Tuesday, April 28, 2009
Big-box retailers are an easy … target, when it comes to the window-dressing that’s often done on sustainability. “We’ve heard a lot of that … that word,” said our guide on a dazzling tour of Target’s corporate headquarters on Nicolett Mall in Minneapolis, where some 5,000 planners and others have descended for the annual American Planning Association. We were in the company’s 60-person architecture and engineering division, which if it stood alone would be the fourth largest such firm in Minnesota, after strolling through the Café Target and the art-adorned Great Hall, where pairs of employees talked earnestly on simple fabric furniture. What of the green innovations? The ubiquitous green roof, of course, skylights, recycling plastic hangers, tote bags to replace those bright white bullseye-dotted plastic bags, minimizing and decking parking, and plantings (Japanese maples, red of course, and “perennials with a neat appearance that align with Target’s brand image,” according to guidelines). Our guides were subdued about the greenest thing Target can do, which is to build or rehab in urban locations – the Minneapolis store is a nice example, with its slightly Dutch-feeling shopping-cart escalators, very well used when I was there. Depends on the cost of land, the market analysis, and whether it’s part of a development project, they said: “It has to be practical.” One factor is the delivery and handling of products in cities – from more compact loading docks to the need to move goods to multiple floors – which can raise labor costs. Over the nearly 200 projects in the works, most were conventional big buildings with big parking fields (though I did spot a nice roundabout drawn in to replace an intersection in one set of plans). The claim is that more building rehab is being done; no word on ending the practice of tear-downs after 10 years. Through a program of overhauling libraries and in other ways, Target proclaims interest in building communities. Truly harnessing its branding power could broadcast a message of green amid all that red.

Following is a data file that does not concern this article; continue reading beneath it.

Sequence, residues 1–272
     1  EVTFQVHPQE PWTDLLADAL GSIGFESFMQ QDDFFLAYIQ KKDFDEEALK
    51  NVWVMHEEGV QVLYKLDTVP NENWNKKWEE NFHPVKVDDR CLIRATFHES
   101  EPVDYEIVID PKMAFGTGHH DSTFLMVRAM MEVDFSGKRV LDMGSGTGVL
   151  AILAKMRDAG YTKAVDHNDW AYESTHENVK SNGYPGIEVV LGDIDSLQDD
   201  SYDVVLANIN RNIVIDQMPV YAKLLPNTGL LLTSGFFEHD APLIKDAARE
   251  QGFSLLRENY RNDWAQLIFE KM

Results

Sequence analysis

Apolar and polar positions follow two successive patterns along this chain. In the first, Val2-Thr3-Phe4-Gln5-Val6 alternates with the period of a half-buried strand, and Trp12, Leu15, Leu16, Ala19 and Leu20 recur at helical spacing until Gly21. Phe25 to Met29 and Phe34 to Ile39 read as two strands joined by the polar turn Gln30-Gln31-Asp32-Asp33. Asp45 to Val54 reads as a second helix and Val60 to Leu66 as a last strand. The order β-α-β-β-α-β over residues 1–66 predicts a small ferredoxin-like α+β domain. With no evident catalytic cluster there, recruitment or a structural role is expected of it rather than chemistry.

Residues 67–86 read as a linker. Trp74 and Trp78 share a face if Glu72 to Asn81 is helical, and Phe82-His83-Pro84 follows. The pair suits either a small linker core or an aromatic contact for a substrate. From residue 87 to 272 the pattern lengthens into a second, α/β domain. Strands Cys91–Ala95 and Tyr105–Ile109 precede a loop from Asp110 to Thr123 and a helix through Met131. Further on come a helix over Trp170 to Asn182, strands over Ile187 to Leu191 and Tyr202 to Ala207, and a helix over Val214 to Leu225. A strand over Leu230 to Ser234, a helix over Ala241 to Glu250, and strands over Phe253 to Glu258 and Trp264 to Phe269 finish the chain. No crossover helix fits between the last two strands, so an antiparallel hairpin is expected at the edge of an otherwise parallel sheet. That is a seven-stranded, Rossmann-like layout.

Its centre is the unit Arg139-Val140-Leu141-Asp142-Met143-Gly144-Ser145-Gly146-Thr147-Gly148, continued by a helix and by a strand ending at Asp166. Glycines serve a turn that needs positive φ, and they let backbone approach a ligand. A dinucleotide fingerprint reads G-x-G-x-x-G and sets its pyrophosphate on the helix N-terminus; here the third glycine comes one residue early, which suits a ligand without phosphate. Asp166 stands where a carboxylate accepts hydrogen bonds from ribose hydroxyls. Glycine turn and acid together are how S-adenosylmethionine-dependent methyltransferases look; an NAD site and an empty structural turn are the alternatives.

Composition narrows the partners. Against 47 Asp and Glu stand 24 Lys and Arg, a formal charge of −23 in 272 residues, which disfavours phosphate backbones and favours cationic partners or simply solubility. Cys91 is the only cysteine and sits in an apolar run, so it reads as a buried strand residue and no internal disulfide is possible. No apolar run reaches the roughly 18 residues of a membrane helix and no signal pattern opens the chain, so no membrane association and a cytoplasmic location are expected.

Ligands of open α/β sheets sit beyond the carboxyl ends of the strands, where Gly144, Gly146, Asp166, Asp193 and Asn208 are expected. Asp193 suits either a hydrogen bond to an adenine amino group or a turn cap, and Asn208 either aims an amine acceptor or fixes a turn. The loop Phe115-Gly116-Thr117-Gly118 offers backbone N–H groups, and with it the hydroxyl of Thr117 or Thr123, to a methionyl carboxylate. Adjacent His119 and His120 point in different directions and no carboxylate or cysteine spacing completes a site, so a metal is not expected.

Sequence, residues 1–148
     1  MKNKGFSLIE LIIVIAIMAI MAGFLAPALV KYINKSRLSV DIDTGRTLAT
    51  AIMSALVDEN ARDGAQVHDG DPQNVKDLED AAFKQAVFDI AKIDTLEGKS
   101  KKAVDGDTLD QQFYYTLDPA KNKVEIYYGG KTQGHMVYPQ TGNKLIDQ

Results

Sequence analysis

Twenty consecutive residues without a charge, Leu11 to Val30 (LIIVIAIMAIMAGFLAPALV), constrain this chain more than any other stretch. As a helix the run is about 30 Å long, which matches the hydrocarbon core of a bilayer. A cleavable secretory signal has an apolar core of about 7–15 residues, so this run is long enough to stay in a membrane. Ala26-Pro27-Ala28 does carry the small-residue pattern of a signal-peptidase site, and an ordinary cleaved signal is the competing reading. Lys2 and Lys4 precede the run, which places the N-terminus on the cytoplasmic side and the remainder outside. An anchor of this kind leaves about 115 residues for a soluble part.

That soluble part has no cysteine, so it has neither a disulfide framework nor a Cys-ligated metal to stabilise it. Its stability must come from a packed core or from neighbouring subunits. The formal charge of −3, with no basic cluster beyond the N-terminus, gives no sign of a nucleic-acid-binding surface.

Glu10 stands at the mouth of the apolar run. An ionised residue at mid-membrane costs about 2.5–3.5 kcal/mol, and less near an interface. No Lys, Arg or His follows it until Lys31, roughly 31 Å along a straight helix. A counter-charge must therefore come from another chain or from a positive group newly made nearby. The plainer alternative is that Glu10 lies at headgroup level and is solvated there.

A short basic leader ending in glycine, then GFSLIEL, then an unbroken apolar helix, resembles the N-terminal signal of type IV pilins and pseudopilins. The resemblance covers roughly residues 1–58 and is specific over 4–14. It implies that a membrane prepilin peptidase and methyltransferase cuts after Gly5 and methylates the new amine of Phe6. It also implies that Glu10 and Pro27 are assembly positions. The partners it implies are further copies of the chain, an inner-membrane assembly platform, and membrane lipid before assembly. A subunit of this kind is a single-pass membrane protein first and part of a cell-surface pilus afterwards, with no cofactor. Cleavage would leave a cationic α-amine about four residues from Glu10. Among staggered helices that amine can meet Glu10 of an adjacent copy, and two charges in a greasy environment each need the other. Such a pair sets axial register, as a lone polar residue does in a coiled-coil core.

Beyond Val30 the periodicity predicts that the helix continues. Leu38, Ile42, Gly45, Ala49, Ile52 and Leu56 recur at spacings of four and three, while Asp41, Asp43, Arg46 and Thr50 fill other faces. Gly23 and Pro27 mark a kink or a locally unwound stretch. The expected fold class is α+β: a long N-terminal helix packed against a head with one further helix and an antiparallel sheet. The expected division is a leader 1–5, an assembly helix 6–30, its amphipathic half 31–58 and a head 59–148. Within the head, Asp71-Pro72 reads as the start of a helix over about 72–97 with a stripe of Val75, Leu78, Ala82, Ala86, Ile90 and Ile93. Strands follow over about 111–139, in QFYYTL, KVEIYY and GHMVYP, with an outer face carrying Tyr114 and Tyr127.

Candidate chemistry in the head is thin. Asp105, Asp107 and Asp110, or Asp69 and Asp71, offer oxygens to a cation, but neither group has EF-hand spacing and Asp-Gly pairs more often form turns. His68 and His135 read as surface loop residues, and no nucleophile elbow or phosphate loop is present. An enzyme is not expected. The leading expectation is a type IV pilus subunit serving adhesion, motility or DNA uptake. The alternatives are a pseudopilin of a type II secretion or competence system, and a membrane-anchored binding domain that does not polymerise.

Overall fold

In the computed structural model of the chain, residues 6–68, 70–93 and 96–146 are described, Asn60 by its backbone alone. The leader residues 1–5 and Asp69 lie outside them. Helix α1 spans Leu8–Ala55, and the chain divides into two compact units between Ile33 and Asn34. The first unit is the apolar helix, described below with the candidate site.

Friday, April 03, 2009
Rem Koolhaas was at Harvard tonight, and did not disappoint. He was the keynote for the Ecological Urbanism conference at the Graduate School of Design, a role he confided he first thought was some kind of "cruel joke." He suggested that green sensibilities began at least with Vitruvius, and continued with Ian McHarg and Buckminster Fuller, in a co-existence of culture and nature, and the ventilating walls and other features of "tropical architecture" he learned about as a young man. He was scornful of the "apocalypitc streak" of those predicting environmental calamity, citing the Club of Rome's "Limits of Growth." Showing a collage of contemporary skylines including Dubai, London and his own CCTV building in Beijing, he acknowledged that "that's out," in terms shortcomings in green performance. But he said "our responses are not that deep, equating responsibility with literal greening" -- green roofs, lining walls with grass -- and pilloried Renzo Piano's California Academy of Sciences building in Golden Gate Park in San Francisco. Piano's defense of the grassy-knolled creation was either "outrageously innocent or deeply calculation, and probably both," he said. In a house-of-mirrors moment came when he criticized Nicolai Ouroussoff's praise of the building. A more effective approach that goes beyond "good intentions and branding," he said, was the Nordzee wind power project in The Netherlands, in combination with the harnessing of tidal and solar power southward across Europe. That was the kind of marriage of "politics and engineering" that Buckminster Fuller was getting at some 40 years ago, Koolhaas said. Fair enough. I regard Koolhaas much the way that Jane Jacobs appreciated Louis Kahn or Mies van der Rohe; the Kunsthall and Seattle Library are certainly compelling. His take on the green mandate and architecture's response was nothing if not provocative.